Lawyers slam Badoy, call on SC to take action
MANILA, Philippines — A group of lawyers berated on Tuesday a former anti-insurgency task force spokesperson, Lorraine Badoy, for threatening and red-tagging a Manila regional trial court judge.
In a statement, the group said Badoy’s threats and red-tagging “constitute a direct attack against the judiciary,” as well as its officers to “undermine public confidence in the justice system and to harass and intimidate those who choose to act independently to promote the rule of law.”
They then noted that Badoy continued her “brazen and outrageous” attacks through social media, including threats to life and to bomb offices, vicious red-tagging, and wild accusations.
“We call on the Supreme Court not to let this pass and to take immediate, concrete, and firm action to protect justice actors and the rule of law. The Court must hold accountable those who threaten and malign our judges and lawyers,” the lawyers said.
They explained that if these kinds of accusations against judges are left unchecked, the people’s faith in courts and the justice system mighth further “erode.”
“We must not stand idly by while justice actors are attacked by those who work to spread fear and paranoia,” they said.
“Ms. Badoy must be held accountable while those who dare to follow her lead must be warned that there are consequences for violating the law,” they added.
The statement was signed by the following:
- Dean Pacifico Agabin of Lyceum College of Law
- Mae Diane Azores, 2019 bar topnotcher
- J.V. Bautista, Concerned Lawyers for Civil Liberties
- Neri Colmenares, chairperson of the National Union of Peoples’ Lawyers
- Dean Jose Romeo Dela Cruz of the University of La Salette School of Law Santiago City
- Ade Fajardo, former president of the Integrated Bar of the Philippines
- Gwen Pimentel-Gana, former commissioner of the Commission on Human Rights
- Rowena Guanzon, former commissioner of the Commission on Elections
- Angelo Karlo Guillen, NUPL
- Roger N. Baldwin, Medal of Liberty Awardee by Human Rights First
- Dean Antonio La Viña of the Ateneo School of Government, CLCL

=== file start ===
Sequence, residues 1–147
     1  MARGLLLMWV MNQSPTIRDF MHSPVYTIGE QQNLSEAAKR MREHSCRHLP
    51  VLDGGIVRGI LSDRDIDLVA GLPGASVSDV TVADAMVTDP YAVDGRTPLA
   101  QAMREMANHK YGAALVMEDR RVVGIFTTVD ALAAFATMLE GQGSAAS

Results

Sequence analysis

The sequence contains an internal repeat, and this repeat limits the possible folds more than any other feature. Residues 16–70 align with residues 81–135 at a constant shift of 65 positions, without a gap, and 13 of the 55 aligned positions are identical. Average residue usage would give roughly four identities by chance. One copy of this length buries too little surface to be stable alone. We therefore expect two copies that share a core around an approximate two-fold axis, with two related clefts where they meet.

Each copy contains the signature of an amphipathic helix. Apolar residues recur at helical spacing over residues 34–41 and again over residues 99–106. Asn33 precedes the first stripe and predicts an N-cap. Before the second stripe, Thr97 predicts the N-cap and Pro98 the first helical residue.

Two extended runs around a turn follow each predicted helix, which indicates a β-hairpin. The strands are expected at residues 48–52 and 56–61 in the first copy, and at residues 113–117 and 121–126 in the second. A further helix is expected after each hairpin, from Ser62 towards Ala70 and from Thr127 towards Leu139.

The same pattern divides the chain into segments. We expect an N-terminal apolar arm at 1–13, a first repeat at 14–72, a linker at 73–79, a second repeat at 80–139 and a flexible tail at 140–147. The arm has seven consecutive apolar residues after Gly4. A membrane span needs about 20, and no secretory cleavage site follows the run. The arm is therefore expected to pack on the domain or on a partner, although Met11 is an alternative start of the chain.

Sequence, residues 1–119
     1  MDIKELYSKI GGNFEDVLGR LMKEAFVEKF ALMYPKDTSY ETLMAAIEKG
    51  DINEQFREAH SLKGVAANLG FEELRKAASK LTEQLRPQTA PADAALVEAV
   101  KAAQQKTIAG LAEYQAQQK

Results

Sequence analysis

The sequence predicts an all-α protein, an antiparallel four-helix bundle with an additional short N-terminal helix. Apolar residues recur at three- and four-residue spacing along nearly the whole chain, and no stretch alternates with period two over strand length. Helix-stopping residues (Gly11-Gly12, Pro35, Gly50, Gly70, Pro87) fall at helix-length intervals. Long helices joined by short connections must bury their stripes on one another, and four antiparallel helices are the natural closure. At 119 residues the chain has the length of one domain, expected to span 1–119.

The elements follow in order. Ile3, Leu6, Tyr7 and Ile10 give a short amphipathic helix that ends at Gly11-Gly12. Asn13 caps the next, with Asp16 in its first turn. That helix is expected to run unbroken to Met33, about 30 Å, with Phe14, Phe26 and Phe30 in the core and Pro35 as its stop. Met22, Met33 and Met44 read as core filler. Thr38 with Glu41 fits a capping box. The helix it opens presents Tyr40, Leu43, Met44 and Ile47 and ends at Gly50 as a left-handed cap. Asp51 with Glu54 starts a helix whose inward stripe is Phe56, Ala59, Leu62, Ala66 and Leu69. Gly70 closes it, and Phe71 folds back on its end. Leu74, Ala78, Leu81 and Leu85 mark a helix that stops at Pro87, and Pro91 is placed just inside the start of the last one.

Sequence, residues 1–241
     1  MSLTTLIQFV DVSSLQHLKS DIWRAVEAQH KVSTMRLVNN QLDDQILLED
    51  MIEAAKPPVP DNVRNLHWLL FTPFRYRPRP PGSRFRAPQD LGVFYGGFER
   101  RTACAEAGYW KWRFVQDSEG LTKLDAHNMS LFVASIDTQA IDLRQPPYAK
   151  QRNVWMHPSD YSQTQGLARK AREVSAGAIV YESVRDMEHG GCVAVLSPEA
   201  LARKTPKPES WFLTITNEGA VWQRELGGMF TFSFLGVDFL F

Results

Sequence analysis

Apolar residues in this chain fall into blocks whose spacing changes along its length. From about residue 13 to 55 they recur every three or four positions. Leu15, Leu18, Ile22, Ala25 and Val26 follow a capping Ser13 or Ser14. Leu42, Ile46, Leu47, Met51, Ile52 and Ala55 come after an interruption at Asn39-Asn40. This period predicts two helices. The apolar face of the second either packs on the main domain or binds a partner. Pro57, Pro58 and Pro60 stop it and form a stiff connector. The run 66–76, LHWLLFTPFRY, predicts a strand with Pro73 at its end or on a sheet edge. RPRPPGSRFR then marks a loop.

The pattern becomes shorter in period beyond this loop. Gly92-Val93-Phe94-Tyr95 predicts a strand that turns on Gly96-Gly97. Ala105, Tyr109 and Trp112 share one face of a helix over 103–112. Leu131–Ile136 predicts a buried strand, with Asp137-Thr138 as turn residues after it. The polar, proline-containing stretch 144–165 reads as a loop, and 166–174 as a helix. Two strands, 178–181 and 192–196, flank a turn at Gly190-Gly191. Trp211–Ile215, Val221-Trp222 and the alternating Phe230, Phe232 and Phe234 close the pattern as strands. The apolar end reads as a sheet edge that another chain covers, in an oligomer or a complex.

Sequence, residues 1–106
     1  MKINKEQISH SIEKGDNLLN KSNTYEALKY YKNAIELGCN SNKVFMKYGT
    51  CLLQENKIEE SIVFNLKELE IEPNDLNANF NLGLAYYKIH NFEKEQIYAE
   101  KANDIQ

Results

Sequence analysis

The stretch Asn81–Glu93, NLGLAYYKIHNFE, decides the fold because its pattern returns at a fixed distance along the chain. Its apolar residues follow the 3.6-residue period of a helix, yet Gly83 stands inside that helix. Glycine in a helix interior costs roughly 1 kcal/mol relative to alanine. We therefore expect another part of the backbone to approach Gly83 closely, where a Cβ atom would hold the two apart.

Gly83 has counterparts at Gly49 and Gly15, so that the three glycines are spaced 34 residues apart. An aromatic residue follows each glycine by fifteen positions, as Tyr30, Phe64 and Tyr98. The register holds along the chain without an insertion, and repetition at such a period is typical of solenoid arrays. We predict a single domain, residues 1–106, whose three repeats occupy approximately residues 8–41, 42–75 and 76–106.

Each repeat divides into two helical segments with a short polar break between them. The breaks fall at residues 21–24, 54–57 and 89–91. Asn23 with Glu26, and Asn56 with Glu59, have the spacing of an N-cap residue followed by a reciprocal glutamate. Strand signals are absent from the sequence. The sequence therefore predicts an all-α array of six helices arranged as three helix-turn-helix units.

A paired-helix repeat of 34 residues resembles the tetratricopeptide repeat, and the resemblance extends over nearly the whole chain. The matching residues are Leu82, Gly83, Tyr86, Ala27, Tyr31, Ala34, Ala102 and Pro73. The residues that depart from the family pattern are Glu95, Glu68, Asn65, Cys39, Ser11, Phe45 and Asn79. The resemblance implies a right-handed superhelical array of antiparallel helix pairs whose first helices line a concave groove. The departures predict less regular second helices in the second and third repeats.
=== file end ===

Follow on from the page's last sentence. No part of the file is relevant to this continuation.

- Edre U. Olalia, NUPL president
- Dean Manuel Quibod of the Ateneo de Davao College of Law
- former Rep. Lorenzo Tanada III
- Dean Rodel Taton of the San Sebastian College Graduate School of Law
- Dean Jose Mari Tirol University of the San Agustin College of Law
- Evalyn G. Ursua
- Susan Villanueva
- former Rep. Carlos Zarate
- former Chief Justice Maria Lourdes Sereno
Meanwhile, the Free Legal Assistance Group (Flag) also issued a separate statement slamming Badoy for her threats against Judge Marlo Magdoza-Malagar, as well as her husband UP Cebu Chancellor Leo Malagar.
“Badoy’s threat is not protected speech — it is a felony. Her red-tagging of the spouses Malagar violate their rights under international law and Philippine law,” said Flag chair Chel Diokno.
“Her irresponsible posts against them and others clearly indicate that she will continue to act with impunity unless she is held accountable,” he added.
He then also called on the Supreme Court to order Badoy to show cause on why she should not be cited in contempt of court.
Magdoza-Malagay was the judge of the Manila Regional Trial Court that junked the DOJ’s proscription case to declare the Communist Party of the Philippines and its armed group New People’s Army (CPP-NPA) as a terrorist group in 2018.
This infuriated Badoy, a known red-tagger, who in a now-deleted Facebook post on Sept. 23, called the judge a “friend” and “true ally” of the communist armed movement, saying that her 135-page decision was a “gift” and “propaganda material” for them.
Badoy even threatened to kill the judge and accused her husband, Chancellor Malagar of being a “communist sympathizer.”
Prior to this, Badoy had already drawn criticism for her remarks that connected individuals to the communist cause. Just last July, Badoy and other NTF-Elcac officials were required to respond to graft accusations for red-tagging and accusing random individuals of being connected to the CPP-NPA.
Meanwhile, in June, after red-tagging a group of healthcare professionals who voiced complaints about their working circumstances during the COVID-19 outbreak, doctors urged the Professional Regulation Commission to suspend or revoke Badoy’s own medical license.
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